Oberpostsekretär Bartoschad attached a telephone to the damaged wire and reestablished contact with Windhuk.  Because the track proved to be more severely damaged than had been previously thought, Direktor Henning odered up an engine car with replacement track yokes from Teufelsbach.  The engine that brought these supplies forward also carried Leutnant Maul and his half dozen men.  The rails were reconnected at the South end of the bridge and the train with the machine gun started across at a slow pace so the six flankers could make use of it for cover.

Machine gun emplacement with a low barrier of sacks
(Photo from database maintained by Goethe Universität Frankfort am Main)
There was dense bush on the far side, and as the engine entered the thickets it came under brief but heavy fire from up ahead, though this was quickly silenced when the machine gun came into action.  Reports from Okahandja later stated that machine gun firing was heard at 9:30 coming from the direction of Osona (station), which helps to establish when the fighting began along the rail line.As the train approached the granite cliffs that came near the track, it once again came under brisk attack by Hereros firing from good cover above.  Ten more rails had been removed at this point and the train could not proceed until these had been repaired.  It was going to be very hard work under enemy fire, but Leutnant Boysen had brought with him instructions from Windhuk that the work parties must advance and repairs go forward under all circumstances.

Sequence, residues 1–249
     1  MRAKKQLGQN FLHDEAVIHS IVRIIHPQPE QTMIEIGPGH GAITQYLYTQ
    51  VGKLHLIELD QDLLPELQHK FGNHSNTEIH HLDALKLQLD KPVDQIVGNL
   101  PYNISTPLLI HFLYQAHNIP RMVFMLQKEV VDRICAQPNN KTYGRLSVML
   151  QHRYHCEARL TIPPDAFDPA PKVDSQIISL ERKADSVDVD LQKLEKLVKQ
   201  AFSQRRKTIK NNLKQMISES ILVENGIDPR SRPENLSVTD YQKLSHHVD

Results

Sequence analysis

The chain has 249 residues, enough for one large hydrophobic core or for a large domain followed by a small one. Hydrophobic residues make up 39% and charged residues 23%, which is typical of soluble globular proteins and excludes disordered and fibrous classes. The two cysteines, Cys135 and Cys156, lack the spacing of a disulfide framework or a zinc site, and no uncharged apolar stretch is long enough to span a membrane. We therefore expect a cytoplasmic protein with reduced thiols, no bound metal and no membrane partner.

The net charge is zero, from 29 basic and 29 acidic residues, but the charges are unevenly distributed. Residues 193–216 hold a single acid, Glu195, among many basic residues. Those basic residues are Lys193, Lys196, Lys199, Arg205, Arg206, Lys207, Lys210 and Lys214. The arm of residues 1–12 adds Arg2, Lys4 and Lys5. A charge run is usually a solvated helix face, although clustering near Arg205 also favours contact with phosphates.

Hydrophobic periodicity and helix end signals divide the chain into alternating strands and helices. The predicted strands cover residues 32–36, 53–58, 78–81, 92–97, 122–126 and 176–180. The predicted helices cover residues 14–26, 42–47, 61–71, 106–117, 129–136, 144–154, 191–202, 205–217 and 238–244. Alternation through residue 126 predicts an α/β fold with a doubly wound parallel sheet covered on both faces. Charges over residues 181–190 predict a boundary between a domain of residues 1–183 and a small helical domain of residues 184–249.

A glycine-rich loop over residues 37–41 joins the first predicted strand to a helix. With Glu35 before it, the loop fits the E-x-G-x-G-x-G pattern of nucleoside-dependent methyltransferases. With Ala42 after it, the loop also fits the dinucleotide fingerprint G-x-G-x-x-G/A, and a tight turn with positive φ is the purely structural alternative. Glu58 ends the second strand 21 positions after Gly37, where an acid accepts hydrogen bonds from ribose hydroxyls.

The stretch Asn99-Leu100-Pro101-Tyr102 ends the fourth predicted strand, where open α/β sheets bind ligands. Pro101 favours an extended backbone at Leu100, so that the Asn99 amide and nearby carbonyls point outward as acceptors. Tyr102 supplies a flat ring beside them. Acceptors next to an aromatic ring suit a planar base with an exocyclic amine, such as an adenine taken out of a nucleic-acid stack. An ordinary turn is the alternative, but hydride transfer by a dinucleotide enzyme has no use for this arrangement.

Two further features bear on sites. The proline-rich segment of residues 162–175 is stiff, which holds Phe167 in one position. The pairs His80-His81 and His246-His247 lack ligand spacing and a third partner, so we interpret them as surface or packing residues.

The train slowed.  Those in charge intended to bring the train as close as possible to the place where the rails had been removed since the replacements were so heavy.  The signal of the platoon leaders was heard but the engine failed to stop in time, and three axles of the first carriage went of the tracks so that only one remained on the rails.  The situation was critical and the Hereros took advantage of the situation and to increase their fireThe Germans hurriedly brought out the machine gun and 18,000 cartridges in the second car, piling sacks of rice from the first car around it to provide hasty protection

To make the line free, there was nothing for it but to quickly decouple the derailed first car and heave it over the embankment.  This was a piece of work, says Rust, that proved to be "schwierig als gefährlich" (as difficult as it was dangerous), and it took three attempts under heavy fire for a combined effort to overturn the car.